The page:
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October 24, 2002 Inter-university project on the frontiers of music and art



Mark Corwin, Liselyn Adams

Music professor Mark Corwin and Liselyn Adams, associate dean of Fine Arts

Photo by Andrew Dobrowolskyj

by Julie Parkins

Private void. Channelling Scriabin. Distance is relative. These phrases may seem mysterious, but they represent an artistic challenge to Liselyn Adams and a group of music students from Concordia and McGill who are involved in an inter-university research project in music and design.

“Rather than working strictly from a composer’s score, we’re asking the musicians to create a collaborative composition based on text,” she said.

“Musicians take a look at this text and make decisions. They can make things sound like what the text looks like. They can create something that would sound like private void. They can go by the meaning, or create the mood that is suggested by the phrase. They can create background music to someone reading the text.”

Adams began using text to make music with her own musical group, The Blue Rider Ensemble. This is one aspect of a three-year research program being undertaken in Concordia’s Departments of Music and Design Art and McGill’s Faculty of Music through a grant from the FQRSC (Fonds Québécois de recherche sur la société et culture) whose goal is to break down the wall between acoustic music and the world of experimental performance and digital media.

The theory goes that true cultural innovation and aesthetic research happen only when new techniques are fully understood and internalized by artists. The project acknowledges this theory, and seeks to create a synergy among a range of artists and researchers, freeing them to explore and connect with each other.

“This is just a new incarnation of an experimental mode that musicians and visual artists had back in the ’50s and ’60s,” said Mark Corwin, chair of the department and director of electroacoustic studios at Concordia.

“Making noises was one thing, but now it’s about making sounds and trying to evoke things. It’s about trying to break new ground, find new ways of doing things that were done in the past — because it’s just so much fun!”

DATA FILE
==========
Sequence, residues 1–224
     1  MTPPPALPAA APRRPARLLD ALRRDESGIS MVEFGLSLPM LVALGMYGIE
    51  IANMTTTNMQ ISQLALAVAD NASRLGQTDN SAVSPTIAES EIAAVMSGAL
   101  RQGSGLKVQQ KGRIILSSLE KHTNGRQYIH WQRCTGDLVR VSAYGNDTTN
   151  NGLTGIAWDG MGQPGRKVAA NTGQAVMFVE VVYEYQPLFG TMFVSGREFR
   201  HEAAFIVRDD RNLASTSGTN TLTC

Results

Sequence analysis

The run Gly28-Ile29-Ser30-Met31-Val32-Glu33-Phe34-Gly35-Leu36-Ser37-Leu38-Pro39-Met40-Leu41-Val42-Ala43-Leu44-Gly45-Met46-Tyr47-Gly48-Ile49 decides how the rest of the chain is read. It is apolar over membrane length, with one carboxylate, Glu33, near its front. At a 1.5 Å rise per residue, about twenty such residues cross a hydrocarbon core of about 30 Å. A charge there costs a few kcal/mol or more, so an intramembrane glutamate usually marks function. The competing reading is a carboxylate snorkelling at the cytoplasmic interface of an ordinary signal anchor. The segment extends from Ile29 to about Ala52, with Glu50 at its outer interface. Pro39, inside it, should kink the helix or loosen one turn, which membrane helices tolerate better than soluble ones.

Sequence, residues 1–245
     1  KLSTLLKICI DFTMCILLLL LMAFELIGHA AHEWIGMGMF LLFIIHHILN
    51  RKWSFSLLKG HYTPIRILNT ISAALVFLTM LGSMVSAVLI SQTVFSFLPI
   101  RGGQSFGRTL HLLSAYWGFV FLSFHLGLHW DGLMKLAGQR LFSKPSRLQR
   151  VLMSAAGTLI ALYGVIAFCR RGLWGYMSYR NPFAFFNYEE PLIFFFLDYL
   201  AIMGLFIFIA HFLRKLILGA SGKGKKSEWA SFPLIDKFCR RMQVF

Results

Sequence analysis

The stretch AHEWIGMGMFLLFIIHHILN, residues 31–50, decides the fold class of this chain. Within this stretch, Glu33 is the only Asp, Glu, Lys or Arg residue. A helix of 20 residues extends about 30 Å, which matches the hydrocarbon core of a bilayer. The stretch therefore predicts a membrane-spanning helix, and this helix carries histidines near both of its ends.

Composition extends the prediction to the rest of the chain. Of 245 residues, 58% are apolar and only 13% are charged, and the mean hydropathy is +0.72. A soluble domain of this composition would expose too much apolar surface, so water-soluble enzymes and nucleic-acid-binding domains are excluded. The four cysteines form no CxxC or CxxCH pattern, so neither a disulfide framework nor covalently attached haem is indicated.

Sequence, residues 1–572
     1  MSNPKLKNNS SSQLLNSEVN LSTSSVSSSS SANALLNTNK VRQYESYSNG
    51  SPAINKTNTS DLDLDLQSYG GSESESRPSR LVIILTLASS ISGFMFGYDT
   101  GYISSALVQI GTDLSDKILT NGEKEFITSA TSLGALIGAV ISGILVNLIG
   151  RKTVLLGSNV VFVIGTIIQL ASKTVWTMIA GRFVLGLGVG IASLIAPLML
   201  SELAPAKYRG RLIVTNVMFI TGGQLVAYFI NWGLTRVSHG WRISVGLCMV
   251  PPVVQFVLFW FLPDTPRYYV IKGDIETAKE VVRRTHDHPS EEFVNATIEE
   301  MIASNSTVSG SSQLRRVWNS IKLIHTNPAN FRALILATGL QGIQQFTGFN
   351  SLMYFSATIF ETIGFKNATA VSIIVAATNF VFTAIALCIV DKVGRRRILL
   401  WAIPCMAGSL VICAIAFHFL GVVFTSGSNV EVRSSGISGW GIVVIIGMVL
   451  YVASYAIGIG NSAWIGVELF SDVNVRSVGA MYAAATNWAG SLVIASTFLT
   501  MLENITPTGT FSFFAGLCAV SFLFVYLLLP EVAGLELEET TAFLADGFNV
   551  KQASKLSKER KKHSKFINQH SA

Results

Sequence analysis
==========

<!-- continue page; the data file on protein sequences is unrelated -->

The music created in the program this semester will be presented at a concert in December that will also feature a visual representation of the texts and music under the direction of Design Art Professor P.K. Langshaw. She and Corwin will also document this “visual chamber music” with multi-channel recording and mixing techniques, and on video.

The second year of the program will add detailed research on sound reinforcement and multi-channel sound diffusion. In the third year, computers will be brought into the mix, both as instrumentation in a chamber ensemble and as a tool for creating, transforming and controlling acoustic and electroacoustic sounds.

Different university students will be involved with this project throughout the three years.

“We wanted to spread the wealth out, get them to think about performance in a different way because they’ve been involved in this project,” Corwin explained. “The more people we can get involved at the student level, the better, because they will then take it into their own classes and other places.”

In addition to the student project in each of the three years, there will be a larg-scale production by one of the professional groups of the research team.

In this first year, Adams’s Blue Rider Ensemble will finish and perform their work commissioned by writer Michel Garneau and called Blue Rider Marmelade.

In the second year, Tim Brady’s Bradyworks Ensemble, which is ensemble in residence at Concordia, will work with several composers on works for string quartet and computers.

Throughout the three years, the recording and sound manipulation research will be undertaken by Mark Corwin and Philippe DePalle, of McGill. Compositional aspects will be overseen by Alcides Ianza (McGill), and students will be drawn from both universities.

The full team comprises Adams, Langshaw and Corwin, the two professors from McGil, and Tim Brady, an independent musician, researcher and innovative performer, who was instrumental in organizing this project. The total value of the grant is $173,750, which includes $20,000 equipment and 51,250 per year operating funds.